China severed diplomatic ties with Lithuania on Sunday, expressing deep dissatisfaction with the Baltic state after Taiwan established a de facto embassy there, escalating a row that has engulfed Washington.
China regards self-ruled and democratically governed Taiwan as its territory, with no right to the trappings of a state, and has increased pressure on countries to downgrade or sever relations with the island, even if they are not official.
Lithuania expressed regret over China’s move, but defended its right to expand cooperation with Taiwan while adhering to Beijing’s “One China” policy, and announced that its foreign minister would travel to Washington to discuss trade and investment projects.
Meanwhile, Taiwan reported that two Chinese nuclear-capable H-6 bombers flew to the island’s south on Sunday, part of a pattern of what Taipei sees as military harassment designed to put pressure on the government.
Beijing had previously expressed its displeasure with Lithuania, which has formal relations with China but not Taiwan, for allowing the island to open an office in the country under the name Taiwan. In August, China recalled its ambassador.
Other Taiwan offices in Europe and the United States refer to the city of Taipei rather than the island itself. The Taiwanese Representative Office in Lithuania, on the other hand, finally opened on Thursday.
In a blunt statement, China’s Foreign Ministry stated that Lithuania had disregarded China’s “solemn stance” and basic international relations norms.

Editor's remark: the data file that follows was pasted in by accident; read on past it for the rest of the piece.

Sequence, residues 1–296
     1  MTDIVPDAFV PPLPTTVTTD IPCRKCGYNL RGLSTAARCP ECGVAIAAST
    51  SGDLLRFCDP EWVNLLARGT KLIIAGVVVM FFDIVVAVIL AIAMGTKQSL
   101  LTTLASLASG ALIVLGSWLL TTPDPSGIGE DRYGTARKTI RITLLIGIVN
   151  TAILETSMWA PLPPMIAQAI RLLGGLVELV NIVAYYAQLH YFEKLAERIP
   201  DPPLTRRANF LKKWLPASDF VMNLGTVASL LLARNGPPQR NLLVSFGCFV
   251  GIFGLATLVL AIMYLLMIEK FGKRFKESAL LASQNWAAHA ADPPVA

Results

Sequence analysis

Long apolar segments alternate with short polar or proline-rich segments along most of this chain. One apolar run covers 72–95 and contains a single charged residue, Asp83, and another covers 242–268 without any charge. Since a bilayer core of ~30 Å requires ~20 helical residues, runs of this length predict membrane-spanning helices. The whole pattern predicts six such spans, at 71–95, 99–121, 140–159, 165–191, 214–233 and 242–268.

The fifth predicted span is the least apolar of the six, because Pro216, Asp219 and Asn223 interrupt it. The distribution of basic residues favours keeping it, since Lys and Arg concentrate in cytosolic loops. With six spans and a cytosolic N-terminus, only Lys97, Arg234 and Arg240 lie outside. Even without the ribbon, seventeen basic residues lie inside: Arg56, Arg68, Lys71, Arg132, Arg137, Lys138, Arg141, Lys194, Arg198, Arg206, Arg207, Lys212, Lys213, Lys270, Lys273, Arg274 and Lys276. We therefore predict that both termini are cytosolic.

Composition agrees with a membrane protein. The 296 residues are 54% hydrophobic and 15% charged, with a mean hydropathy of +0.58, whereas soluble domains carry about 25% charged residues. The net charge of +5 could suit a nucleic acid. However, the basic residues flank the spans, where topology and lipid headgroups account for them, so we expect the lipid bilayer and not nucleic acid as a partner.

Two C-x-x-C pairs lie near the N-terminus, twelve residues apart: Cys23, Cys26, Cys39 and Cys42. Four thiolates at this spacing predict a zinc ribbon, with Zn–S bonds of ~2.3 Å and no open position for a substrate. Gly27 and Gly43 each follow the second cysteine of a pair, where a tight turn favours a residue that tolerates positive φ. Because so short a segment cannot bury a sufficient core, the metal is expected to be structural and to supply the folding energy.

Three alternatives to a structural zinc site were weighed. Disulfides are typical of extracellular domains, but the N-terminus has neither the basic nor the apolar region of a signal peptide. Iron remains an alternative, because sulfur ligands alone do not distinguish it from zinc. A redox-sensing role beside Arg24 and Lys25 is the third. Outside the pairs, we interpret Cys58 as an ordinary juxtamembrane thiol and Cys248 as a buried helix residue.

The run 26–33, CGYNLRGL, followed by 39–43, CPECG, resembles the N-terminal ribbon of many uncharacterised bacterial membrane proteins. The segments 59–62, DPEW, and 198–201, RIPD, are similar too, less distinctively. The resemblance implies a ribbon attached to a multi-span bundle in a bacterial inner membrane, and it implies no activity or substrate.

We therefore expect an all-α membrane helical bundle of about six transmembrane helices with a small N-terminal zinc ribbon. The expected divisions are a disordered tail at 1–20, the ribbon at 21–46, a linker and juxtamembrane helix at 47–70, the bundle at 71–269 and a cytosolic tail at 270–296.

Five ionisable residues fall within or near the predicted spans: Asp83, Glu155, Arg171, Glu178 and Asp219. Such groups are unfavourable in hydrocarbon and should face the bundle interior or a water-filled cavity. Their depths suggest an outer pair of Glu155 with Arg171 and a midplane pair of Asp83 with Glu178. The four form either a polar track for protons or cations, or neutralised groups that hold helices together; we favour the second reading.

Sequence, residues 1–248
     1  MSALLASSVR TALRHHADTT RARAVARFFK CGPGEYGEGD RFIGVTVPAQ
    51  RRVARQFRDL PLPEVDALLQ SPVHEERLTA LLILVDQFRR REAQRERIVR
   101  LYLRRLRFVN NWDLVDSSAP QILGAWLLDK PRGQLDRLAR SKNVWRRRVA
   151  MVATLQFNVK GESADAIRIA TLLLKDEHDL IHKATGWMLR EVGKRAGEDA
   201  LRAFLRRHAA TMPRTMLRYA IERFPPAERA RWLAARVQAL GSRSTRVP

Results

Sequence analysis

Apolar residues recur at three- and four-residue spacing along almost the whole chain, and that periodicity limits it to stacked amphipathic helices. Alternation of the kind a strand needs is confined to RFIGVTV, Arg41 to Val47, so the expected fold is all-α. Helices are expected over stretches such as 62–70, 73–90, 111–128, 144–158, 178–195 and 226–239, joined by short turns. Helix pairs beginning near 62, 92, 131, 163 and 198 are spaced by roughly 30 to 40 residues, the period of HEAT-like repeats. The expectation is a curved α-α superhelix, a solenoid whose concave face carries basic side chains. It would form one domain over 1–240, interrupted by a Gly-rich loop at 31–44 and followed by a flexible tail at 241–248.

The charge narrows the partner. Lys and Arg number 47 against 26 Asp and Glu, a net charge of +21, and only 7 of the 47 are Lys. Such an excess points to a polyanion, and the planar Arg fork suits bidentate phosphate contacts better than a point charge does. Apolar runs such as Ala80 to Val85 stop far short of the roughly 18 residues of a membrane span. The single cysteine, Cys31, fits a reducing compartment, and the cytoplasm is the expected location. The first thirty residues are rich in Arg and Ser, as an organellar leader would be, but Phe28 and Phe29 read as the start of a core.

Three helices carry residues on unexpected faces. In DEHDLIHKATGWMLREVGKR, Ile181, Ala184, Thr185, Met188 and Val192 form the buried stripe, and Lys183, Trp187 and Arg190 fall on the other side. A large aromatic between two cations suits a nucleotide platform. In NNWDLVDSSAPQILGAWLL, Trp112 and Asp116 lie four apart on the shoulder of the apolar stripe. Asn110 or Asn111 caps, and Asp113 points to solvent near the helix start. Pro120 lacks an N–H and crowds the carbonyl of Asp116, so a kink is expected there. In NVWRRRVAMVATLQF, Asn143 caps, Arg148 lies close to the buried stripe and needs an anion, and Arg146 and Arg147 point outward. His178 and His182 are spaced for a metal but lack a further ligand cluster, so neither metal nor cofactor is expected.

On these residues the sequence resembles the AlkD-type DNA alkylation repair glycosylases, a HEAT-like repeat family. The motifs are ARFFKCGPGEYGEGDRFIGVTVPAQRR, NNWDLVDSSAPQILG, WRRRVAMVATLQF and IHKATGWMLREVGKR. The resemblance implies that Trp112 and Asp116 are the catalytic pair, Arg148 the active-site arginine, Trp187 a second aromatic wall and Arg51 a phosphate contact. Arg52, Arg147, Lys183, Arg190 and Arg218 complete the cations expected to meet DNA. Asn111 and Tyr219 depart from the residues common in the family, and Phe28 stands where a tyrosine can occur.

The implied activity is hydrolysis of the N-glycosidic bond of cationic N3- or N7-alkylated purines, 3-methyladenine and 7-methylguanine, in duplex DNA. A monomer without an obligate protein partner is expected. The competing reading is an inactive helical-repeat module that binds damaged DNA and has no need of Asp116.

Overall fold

Relations would be downgraded to the level of charge d’affaires, one rung below ambassador, according to Beijing.
The move “undermined China’s sovereignty and territorial integrity, as well as grossly interfered in China’s internal affairs,” it said, setting a “bad precedent internationally.”
“We urge the Lithuanian side to immediately correct its mistakes and not underestimate the Chinese people’s firm determination and staunch resolve to defend national sovereignty and territorial integrity,” China’s foreign ministry said.
No matter what Taiwan does, it cannot change the fact that it is part of China, it said.
Lithuanian Prime Minister Ingrida Simonyte said on Sunday that the establishment of the non-diplomatic representative office should not have come as a surprise to anyone.
“According to our government’s plan, Lithuania wants a more intense economic, cultural, and scientific relationship with Taiwan,” she explained. “I want to emphasize that this step does not imply any disagreement or conflict with the ‘One China’ policy.”
On Sunday, the prime minister of Lithuania’s larger EU neighbor Poland stated his support for Vilnius’ stance.
Taiwan asserts that it is an independent country known as the Republic of China, and that the People’s Republic of China has never ruled it and has no right to speak for it.
Taiwan’s Mainland Affairs Council slammed China’s “rudeness and arrogance,” claiming that Beijing had no right to comment on a matter that was not an internal Chinese matter and was solely between Taiwan and Lithuania.
Taiwan has been encouraged by growing international support in the face of China’s military and diplomatic pressure, particularly from the US and some of its allies.
Washington rejects attempts by other countries to meddle in Lithuania’s relationship with Taiwan, according to U.S. Under Secretary of State Uzra Zeya.